A fellow traveler once eulogized the Indian railway system. I was first amazed to hear that because I never liked Indian Railways for various reasons, but his logic was quite correct. Indian Railway has almost every imaginable trains traveling to nook and corner of the country, and most of them are damn cheap. Only thing is you need to fight hustle of railway, book a ticket and carefully look after your belongings. Do not make friends in trains and talk to any suspicious person. Follow your guts and believe in your instinct, and you save a lot of money.

Read more about travel tips for India

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3. Carry your own food

Although Indian restaurants are not so expensive, still it is better to carry your own food. Sometimes it happens you are stuck in someplace where only restaurant there and they charge exorbitant amount for food. Also carrying food is healthy plus a food security, especially in mountains I always carry some sort of dry food and some chocolates.

4. Aware of car rental and hire diesel cars

Ignorance is certainly not a bliss when you try to hire a car in India. There is no fixed price and it depends on same day return, night halt and other factors. Diesel cars have less rental charge than petrol.

5. Travel overnight or sleep on night

It is an excellent way to cut off cost of staying hotel. This also helps to buy more time to see things and activities. However, make sure you travel by train or at least good sleeper buses. For the record, don't buy tickets from shady people for deluxe buses in night.

6. Do not touch your mini-bar

Many hotels in India have mini-bar in the room; it is a temptation whose result comes with a huge bill.

7. Use budget hotels for stopovers

If you spend most of your time outside, then it is better to opt for budget hotels, mostly backpacker hotels where you will get minimum facility, but in excellent cheaper price.

8. Mix with locals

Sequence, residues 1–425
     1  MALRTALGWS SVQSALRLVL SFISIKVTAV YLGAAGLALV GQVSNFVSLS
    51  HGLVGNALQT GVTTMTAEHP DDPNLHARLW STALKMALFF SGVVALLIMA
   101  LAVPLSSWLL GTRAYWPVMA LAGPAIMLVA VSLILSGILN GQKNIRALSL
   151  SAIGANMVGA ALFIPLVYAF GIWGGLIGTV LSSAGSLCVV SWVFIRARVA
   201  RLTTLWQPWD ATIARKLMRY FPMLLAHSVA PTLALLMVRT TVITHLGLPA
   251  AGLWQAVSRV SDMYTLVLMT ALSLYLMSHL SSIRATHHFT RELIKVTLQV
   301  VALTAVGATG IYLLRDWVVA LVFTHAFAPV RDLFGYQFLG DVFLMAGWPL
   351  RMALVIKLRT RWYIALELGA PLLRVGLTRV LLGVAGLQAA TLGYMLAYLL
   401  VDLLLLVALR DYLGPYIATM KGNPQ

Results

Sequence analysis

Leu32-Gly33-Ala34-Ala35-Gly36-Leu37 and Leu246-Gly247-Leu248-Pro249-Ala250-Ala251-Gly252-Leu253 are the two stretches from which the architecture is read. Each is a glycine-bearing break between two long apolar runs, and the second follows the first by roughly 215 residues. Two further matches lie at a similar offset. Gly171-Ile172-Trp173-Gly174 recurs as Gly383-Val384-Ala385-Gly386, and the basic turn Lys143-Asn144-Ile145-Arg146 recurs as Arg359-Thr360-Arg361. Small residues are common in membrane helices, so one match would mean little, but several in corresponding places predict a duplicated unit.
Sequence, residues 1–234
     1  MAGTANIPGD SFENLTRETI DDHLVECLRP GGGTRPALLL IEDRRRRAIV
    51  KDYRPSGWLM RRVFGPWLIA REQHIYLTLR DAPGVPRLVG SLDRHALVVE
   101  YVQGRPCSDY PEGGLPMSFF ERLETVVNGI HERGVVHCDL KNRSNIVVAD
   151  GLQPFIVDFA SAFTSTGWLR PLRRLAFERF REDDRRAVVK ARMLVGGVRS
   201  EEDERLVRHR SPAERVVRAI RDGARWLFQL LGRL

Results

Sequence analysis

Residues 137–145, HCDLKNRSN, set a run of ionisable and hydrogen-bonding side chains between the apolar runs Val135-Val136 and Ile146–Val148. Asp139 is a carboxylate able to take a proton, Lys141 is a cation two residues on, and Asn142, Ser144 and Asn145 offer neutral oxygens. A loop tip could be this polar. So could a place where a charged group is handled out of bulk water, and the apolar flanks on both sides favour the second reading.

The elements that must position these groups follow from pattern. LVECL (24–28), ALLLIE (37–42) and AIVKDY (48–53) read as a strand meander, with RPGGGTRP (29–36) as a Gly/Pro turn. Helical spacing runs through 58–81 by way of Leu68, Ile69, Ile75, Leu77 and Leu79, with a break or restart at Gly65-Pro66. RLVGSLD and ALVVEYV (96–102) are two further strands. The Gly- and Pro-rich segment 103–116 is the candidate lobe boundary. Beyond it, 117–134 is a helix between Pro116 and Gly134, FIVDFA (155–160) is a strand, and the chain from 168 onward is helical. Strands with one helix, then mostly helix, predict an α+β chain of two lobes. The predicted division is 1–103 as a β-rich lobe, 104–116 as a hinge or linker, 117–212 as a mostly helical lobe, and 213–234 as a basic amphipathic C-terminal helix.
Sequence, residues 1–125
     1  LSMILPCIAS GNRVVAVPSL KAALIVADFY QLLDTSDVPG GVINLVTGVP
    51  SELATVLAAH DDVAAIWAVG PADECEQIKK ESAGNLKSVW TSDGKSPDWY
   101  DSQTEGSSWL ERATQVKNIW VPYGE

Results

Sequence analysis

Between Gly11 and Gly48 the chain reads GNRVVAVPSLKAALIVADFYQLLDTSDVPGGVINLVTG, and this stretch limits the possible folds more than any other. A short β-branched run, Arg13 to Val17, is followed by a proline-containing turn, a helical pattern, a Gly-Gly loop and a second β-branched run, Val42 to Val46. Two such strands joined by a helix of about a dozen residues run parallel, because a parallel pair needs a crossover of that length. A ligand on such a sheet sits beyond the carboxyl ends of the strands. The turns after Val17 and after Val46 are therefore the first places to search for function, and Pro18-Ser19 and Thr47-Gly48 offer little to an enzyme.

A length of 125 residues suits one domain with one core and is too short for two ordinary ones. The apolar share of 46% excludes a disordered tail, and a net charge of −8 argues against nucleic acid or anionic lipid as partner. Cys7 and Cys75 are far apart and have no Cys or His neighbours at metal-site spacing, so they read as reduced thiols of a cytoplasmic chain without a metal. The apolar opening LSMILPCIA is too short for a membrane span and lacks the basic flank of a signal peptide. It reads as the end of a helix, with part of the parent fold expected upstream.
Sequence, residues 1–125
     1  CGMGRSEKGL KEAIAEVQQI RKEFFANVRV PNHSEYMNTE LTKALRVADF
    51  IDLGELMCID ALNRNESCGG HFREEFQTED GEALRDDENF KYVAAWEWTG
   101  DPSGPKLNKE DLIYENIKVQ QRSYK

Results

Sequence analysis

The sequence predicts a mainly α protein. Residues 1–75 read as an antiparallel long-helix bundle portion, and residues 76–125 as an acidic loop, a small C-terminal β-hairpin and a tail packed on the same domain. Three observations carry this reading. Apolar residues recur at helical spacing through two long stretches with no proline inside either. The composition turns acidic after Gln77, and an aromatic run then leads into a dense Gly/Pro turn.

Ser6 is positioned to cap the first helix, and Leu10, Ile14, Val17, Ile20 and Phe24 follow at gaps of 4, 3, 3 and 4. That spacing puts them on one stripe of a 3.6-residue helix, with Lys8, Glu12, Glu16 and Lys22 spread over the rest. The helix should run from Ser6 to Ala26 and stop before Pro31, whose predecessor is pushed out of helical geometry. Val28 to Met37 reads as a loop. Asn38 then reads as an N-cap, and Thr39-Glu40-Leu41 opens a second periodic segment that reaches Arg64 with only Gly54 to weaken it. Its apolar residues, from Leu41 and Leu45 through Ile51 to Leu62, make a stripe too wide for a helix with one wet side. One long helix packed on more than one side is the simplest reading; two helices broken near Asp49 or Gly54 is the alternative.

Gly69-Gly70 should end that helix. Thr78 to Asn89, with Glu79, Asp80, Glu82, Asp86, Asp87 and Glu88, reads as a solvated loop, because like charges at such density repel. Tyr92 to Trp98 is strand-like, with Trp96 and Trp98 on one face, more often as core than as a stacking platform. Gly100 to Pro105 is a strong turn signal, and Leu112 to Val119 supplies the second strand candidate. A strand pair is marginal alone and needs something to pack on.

Mixing with local people to know more about the destination, and also find ways of cost-cutting is a great way to save money in your travel. Learn a bit of local language and also don't fall into the trap of rogues.

9. Spend more time in one place

Instead of quick hopping from one destination to another, stay in one place for longer period of time. This will curtain your cost because Indian hotels give heavy discount for longer staying tourists. Moreover, you can learn more about the place, imbibe in the local culture, understand many things, which anyway you will never understand by traveling in various places in quick succession.

10. Share transport costs

When you travel, trying finding fellow travelers who are in the same destination. This way you can share taxi cost and also find interesting conversation en-route. Also refrain yourself from phone calls; cut your roaming cost.

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Sunday, February 23, 2014

Lost In Time - Baolis Of Delhi

 “Baoli” means step wells, which were constructed mainly to cope up with the blistering Indian summers and fluctuating water availability. The concept of creating Baoli dates back in time to 600 A.D, however, it flourished during the medieval times in India. The meticulous architectural concept and detailing with which these ancient water reservoirs are constructed even beats the present day technology.  “Baoli” were much more than just a water reservoir in its golden days; it was candid retreat for the locals from blazing summers and a gathering place of evening gossips. Delhi alone is believed to have more than 100 small and big Baoli, but most of them are ruined to such an extent that it cannot be recognized and nearby residents have transformed them into natural garbage bins.

Below are the few remaining “Baolis” of Delhi which are still recognizable as step wells but have lost its importance and prominence in time.